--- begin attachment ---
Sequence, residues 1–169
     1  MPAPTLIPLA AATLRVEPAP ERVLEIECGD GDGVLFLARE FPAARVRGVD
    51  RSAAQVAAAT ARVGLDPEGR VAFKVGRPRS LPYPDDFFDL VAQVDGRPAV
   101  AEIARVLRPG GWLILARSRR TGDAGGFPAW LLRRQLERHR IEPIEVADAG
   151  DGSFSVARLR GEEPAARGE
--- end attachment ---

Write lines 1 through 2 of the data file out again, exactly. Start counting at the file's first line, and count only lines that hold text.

Sequence, residues 1–169
     1  MPAPTLIPLA AATLRVEPAP ERVLEIECGD GDGVLFLARE FPAARVRGVD